Recently, I read Seth Godin‘s new book Tribes. It is a short clever book full of insights on what it means to build and lead a tribe. Godin’s main argument is borrowed from one of Hugh McLeod‘s one-liners:
Or, as Woody Guthrie put it: “Basically, man is a hoping machine.”
As a marketing guru, Godin’s spin on this is a bit more basic, and goes as follows: Rather than “building a brand” or “marketing your product” or “staying on message” in order to win supporters, customers, members, fellow travellers – or whatever you call the people that you want to interact with you – you have to build a tribe.
A tribe in Godin’s understanding is a group of people with shared interest, shared faith that you do together matters – that is it: A tribe is something to believe in – a group of hoping machines working in unison. And with the proliferation of the Internet, the costs of organizing, building, and leading a tribe has been lowered immensely.
Thus, the book focuses on the non-technical (that is: the social) barriers that remain which is hindering people building or leading a tribe. Reading the book, I underlined a few passages, which I’ve turned into a short one-page remix of the book’s main points:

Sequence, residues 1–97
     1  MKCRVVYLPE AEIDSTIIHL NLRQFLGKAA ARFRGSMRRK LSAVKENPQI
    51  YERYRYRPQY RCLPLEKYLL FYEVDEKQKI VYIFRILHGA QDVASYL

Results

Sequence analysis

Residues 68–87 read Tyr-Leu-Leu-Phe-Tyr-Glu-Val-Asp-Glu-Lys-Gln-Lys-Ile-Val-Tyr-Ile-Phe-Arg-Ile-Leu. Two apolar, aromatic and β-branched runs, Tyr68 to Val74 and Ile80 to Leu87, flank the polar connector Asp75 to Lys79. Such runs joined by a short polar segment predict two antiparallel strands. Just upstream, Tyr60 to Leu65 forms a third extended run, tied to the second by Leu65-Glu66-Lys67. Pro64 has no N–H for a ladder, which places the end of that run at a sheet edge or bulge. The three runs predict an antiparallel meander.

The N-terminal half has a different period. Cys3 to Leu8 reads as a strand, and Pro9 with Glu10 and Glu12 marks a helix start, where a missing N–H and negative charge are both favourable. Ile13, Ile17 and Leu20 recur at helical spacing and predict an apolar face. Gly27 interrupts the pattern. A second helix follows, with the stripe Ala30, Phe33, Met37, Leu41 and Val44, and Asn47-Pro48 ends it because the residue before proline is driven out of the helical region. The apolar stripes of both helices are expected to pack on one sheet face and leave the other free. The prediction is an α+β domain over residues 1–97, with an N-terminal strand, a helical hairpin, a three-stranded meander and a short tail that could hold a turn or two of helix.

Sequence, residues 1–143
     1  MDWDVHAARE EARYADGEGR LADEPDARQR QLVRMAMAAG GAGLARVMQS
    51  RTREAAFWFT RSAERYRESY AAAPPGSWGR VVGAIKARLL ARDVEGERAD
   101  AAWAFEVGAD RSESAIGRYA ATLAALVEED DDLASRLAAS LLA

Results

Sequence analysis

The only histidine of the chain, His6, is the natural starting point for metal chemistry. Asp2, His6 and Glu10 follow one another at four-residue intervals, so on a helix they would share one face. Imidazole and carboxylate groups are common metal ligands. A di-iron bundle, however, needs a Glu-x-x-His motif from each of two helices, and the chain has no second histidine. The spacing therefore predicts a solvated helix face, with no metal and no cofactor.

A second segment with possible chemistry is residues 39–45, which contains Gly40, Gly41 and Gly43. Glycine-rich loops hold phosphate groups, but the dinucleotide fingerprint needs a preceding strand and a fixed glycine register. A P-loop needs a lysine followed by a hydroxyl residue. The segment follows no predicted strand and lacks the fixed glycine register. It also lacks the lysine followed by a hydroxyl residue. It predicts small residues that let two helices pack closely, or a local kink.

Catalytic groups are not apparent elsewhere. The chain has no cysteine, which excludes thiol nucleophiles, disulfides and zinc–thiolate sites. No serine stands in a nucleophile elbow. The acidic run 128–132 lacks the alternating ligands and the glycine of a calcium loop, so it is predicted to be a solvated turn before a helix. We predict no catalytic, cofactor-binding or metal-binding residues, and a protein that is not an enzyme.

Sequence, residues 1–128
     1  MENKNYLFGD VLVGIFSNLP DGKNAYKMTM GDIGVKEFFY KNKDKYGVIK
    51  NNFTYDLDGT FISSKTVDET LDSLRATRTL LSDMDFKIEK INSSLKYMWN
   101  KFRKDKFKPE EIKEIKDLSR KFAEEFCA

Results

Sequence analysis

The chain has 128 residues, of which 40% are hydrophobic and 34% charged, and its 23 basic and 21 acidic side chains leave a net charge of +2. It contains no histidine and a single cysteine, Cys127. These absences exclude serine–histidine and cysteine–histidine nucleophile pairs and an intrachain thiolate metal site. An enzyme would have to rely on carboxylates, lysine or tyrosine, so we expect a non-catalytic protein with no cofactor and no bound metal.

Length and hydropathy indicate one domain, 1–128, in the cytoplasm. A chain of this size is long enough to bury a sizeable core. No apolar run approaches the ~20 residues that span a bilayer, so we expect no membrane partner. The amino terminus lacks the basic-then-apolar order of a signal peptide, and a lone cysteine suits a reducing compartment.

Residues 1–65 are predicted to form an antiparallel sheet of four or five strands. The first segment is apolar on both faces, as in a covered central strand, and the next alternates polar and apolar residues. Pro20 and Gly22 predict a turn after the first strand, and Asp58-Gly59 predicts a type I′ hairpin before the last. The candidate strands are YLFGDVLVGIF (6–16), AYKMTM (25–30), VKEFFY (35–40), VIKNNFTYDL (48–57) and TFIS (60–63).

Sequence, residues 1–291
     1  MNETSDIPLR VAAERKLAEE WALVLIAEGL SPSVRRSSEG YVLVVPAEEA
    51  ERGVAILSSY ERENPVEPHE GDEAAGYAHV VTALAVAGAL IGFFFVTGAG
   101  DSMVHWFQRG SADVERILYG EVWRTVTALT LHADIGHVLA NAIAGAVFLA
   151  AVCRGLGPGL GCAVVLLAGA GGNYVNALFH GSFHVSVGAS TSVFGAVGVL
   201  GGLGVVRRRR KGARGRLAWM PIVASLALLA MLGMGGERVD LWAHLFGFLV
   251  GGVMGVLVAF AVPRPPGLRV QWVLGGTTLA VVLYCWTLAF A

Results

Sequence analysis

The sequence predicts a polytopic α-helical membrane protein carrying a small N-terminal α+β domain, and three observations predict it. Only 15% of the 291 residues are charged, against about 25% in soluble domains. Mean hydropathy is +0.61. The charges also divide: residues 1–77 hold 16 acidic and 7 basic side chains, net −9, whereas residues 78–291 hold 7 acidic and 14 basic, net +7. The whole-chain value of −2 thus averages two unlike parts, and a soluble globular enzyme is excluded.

It takes only two things to turn a group of people into a tribe:
– A shared interest
– A way to communicate
A tribe has three elements:
– A narrative that tells a story about who we and the future we’re trying to build
– A connection between and among the leader and the tribe
– Something to do – the fewer limits the better.
If no one cares, then you have no tribe. If you don’t care – really and deeply care – then you can’t possibly lead.
The art of leadership is understanding what you can’t compromise on.
The secret of leadership is simple: Do what you believe in. Paint a picture of the future. Go there. People will follow.
Leadership is uncomfortable:
It’s uncomfortable to stand up in front of strangers.
It’s uncomfortable to propose an idea that might fail.
It’s uncomfortable to challenge the status quo.
It’s uncomfortable to resist the urge to settle.
When you identify the discomfort, you’ve found the place where a leader is needed.
So what’s holding you back?
But what you are afraid of isn’t failure. It’s blame. Criticism.
What you have to ask yourself is this: “If I get criticized for this, will I suffer any measurable impact? Will I lose my job, get hit upside the head with a softball bat, or lose important friendships?”
If the only side effect of the criticism is that you will feel bad about yourself, then you have to compare that bad feeling with the benefits you’ll get from actually doing something worth doing.
Consider this: If someone gave you two weeks to give that speech or to write that manifesto or make the decision that would get you started making an impact, would that be enough time? How much time do you think you’d need? What’s preventing you from starting right now?